In 2003, the Florida Legislature decided to address the medical malpractice insurance crisis in Florida by enacting Florida Statute 766.118, which limits the non-economic damages that could be awarded in personal injury matters arising from medical negligence.  According to legislative findings at that time, as cited in the McCall opinion, the increase in medical malpractice liability insurance premiums resulted in “physicians leaving Florida, retiring early from the practice of medicine, or refusing to perform high-risk procedures, thereby limiting the availability of health care.” To counter this crisis, Florida Statute 776.118(2) limits non-economic damages awards for medical negligence of practitioners to $500,000 per claimant except where the negligence resulted in a permanent vegetative state, death, or catastrophic injury and a manifest injustice would occur unless increased damages are awarded.  In that case, damages may be awarded in an amount up to $1 million. Section 766.118(3) limits damages to $750,000 and $1.5 million, respectively, when the injury results from the negligence of non-practitioners. By enacting theses caps, the Legislature anticipated that physicians’ medical malpractice insurance premiums would drop, physicians would remain in Florida, not opt for early retirement, the number of physicians practicing without insurance would decrease, and the number of physicians who refused to perform high-risk procedures would decrease.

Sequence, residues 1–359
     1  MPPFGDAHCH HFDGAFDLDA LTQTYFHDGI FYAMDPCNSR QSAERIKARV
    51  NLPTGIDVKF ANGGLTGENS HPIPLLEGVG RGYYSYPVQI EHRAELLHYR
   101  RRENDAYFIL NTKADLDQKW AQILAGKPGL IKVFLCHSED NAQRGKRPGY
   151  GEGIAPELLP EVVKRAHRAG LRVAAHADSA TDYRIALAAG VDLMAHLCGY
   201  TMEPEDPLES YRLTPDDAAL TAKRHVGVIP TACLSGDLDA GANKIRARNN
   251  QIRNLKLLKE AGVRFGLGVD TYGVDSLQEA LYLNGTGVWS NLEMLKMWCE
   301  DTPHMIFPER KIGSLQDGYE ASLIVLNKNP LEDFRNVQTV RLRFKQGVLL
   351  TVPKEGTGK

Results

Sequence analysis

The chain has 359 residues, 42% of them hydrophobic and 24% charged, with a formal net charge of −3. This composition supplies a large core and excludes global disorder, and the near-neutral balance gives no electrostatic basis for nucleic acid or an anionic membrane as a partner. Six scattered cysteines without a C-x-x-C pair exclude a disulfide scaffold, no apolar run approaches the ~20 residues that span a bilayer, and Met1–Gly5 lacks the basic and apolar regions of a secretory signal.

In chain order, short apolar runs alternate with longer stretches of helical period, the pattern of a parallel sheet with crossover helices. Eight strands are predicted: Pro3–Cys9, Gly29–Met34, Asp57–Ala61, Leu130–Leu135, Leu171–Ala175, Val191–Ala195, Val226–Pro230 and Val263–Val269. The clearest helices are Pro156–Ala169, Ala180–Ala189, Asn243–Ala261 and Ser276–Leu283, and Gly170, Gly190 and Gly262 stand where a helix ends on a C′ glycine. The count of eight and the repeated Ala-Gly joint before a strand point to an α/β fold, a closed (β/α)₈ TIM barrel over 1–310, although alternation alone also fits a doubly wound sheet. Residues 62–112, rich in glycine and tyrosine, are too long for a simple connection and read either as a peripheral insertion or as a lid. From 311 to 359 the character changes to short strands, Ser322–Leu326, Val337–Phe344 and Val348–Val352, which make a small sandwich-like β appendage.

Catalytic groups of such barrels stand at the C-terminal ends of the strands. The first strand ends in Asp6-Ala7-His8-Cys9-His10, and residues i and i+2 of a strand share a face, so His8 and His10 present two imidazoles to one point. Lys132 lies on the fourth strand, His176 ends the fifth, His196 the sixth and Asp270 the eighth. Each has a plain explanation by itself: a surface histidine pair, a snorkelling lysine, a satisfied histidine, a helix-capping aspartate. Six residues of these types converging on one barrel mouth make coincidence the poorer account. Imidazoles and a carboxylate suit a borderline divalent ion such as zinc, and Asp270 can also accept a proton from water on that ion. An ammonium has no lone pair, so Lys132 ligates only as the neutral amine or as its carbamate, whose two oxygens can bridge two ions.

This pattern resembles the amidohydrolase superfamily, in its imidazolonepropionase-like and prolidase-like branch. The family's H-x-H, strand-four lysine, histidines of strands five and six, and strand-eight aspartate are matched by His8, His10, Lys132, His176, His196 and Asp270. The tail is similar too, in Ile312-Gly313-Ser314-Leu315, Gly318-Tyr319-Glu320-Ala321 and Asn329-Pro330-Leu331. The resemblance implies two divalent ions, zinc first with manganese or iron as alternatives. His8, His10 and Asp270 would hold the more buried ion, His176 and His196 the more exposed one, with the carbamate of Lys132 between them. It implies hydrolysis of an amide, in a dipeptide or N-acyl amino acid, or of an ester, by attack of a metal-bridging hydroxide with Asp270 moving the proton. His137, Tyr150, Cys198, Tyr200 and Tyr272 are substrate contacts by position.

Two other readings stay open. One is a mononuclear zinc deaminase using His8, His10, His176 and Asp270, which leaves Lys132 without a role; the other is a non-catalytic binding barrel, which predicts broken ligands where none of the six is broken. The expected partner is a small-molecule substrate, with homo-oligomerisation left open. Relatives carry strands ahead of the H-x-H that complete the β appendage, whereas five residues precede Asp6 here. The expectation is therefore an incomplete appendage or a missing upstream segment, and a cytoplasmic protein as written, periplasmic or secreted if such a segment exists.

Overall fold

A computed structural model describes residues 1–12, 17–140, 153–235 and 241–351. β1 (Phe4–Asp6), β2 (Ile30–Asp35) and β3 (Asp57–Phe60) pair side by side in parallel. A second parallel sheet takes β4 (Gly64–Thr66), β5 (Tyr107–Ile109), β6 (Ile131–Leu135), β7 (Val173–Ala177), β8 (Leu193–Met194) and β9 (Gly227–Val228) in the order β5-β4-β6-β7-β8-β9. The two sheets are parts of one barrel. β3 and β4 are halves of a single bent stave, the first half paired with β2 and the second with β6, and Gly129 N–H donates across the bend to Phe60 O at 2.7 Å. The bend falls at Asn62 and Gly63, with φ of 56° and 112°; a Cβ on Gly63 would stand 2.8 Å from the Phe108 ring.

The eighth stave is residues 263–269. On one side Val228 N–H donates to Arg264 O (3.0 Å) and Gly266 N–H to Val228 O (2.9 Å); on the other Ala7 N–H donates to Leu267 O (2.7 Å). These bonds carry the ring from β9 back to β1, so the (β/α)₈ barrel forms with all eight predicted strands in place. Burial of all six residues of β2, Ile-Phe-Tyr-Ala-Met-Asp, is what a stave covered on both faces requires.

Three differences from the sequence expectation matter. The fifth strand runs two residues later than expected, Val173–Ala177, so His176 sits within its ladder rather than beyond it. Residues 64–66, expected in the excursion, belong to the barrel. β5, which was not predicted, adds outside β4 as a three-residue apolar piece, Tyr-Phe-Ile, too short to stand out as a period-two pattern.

While it was the Legislature’s position that this alleged crisis was said to be of an “unprecedented magnitude,” the Supreme Court in Kalitan determined that the Legislature’s findings were not supported by the available data. In fact, in the years since the cap’s implementation, the Court found that the intended effects have not manifested themselves.  Instead, physicians have chosen to remain in Florida, but still opt not to carry malpractice insurance; medical malpractice premiums are the same, if not slightly higher; and insurance income increased.

Even if the data were accurate, the Supreme Court declared that the statute nonetheless arbitrarily infringes upon the constitutional guarantee of equal protection under the laws, because there is a lack of evidence supporting a direct correlation between non-economic damage caps and reduced malpractice premiums. Relying on its McCall decision, the Supreme Court explained that the damage caps have the effect of saving a minimal amount for many by imposing devastating costs on the most catastrophically injured, and those who sustain the greatest damage and loss. Doing so “offends the fundamental notion of
Continue Reading